Reader, I’m marrying him. Since moving to Dorset we have home-grown a free range ring-bearer each plus one bridesmaid. In the first year of our thirteen together without a drama, crisis or major distraction, we are sailing away with them, our mums and two old friends to the land where the Bong-tree grows for a wedding-moon.
The game is over. Country-dwellers will not mourn the loss from their plates, they are attuned to the gentle music of the seasons’ rhythms, the onward march of nature and March’s early, hesitant notes of spring. If city dwellers realized that cutting country corners involves, at the season’s end, untrained surgery, nipping and tugging out game birds breasts, discarding legs and wings to avoid the misery of flying feathers and torn skin, and wrenching out clusters of guts high with hanging, they’d doubtless be shocked. But that is the way with farmers whose braces of birds have already graced the table to the point at which a delicacy has lost its cache and the deep-freeze is still stocked with a flock. The skinless breast which I have abjured for ever as the root of much lazy cooking evil is upon us.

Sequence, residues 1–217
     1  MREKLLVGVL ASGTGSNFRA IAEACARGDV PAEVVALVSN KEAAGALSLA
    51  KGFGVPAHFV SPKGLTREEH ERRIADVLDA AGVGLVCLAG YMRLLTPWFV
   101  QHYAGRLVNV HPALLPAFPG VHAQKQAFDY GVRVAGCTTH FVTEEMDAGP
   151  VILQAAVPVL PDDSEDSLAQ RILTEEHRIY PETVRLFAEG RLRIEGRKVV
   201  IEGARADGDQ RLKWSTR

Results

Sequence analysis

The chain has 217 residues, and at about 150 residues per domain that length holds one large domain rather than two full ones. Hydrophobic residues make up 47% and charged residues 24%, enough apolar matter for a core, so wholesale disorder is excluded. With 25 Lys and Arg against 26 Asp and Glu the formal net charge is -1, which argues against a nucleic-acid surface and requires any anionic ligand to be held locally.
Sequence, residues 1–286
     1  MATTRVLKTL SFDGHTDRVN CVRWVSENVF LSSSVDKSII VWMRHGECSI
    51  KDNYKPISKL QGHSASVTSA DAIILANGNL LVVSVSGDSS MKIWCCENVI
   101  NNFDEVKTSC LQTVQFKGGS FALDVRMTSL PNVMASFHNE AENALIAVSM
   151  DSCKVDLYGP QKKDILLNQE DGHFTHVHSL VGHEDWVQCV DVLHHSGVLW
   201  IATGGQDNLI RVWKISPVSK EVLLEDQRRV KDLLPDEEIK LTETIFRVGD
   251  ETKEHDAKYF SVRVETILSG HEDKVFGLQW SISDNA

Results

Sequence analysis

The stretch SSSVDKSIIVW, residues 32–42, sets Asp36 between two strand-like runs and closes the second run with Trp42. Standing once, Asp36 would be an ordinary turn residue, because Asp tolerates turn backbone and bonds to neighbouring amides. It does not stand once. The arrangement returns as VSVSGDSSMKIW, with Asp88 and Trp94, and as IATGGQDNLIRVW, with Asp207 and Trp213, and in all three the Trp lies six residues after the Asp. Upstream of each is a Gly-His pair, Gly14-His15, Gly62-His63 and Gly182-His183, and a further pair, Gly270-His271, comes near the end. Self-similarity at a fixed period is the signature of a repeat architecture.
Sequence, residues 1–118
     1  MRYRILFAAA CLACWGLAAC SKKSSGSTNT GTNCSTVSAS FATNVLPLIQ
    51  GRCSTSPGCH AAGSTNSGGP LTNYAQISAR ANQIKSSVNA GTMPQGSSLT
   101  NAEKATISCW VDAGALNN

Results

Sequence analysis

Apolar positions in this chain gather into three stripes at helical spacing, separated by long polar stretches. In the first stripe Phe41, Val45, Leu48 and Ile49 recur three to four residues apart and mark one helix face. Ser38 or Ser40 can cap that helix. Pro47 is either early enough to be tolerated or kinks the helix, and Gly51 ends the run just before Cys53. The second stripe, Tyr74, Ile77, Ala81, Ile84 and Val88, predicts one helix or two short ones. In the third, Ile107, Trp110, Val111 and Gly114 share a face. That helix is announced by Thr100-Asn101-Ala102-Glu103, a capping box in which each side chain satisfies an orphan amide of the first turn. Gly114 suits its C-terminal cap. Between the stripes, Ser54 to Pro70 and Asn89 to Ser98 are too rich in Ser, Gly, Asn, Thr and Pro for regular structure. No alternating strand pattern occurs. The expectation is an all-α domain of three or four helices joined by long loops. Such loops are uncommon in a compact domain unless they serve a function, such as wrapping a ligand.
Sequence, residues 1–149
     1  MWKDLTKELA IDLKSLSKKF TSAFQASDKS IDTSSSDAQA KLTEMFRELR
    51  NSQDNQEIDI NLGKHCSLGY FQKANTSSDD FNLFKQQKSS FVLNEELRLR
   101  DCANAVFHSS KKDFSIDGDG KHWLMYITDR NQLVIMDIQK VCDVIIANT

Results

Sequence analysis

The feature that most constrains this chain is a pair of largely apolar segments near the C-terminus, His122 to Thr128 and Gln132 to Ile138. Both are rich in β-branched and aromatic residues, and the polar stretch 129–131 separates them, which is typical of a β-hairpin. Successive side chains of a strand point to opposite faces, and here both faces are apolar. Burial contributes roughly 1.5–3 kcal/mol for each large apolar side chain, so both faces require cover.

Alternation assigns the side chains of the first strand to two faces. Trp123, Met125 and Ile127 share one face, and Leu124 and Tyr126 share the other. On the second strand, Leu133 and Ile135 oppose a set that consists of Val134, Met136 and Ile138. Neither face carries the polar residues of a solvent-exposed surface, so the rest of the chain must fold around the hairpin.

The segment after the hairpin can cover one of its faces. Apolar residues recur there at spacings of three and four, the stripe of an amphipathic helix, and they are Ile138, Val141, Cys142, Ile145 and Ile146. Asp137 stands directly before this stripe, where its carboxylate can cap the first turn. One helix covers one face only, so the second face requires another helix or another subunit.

"I’ve spent over half my life in America. When I was a student, I had no money whatsoever and would always go to this shop in Chapel Hill, North Carolina and buy stuff that was way out of date. I spent an enormous amount of time eating things out of packets. Cottage cheese with pineapple was an obsession. Peanuts are a hugely positive form of food. Travelling around the Deep South it was so much easier to stop at a petrol station and buy a bag of peanuts than to go into some awful fast food place. American fast food is disgusting – the very notion of fast food is an anathema. The point of food is to enjoy company and so if you need fast food, you just buy some peanuts. But if you’re sharing food you take a good long time over it, that’s the point.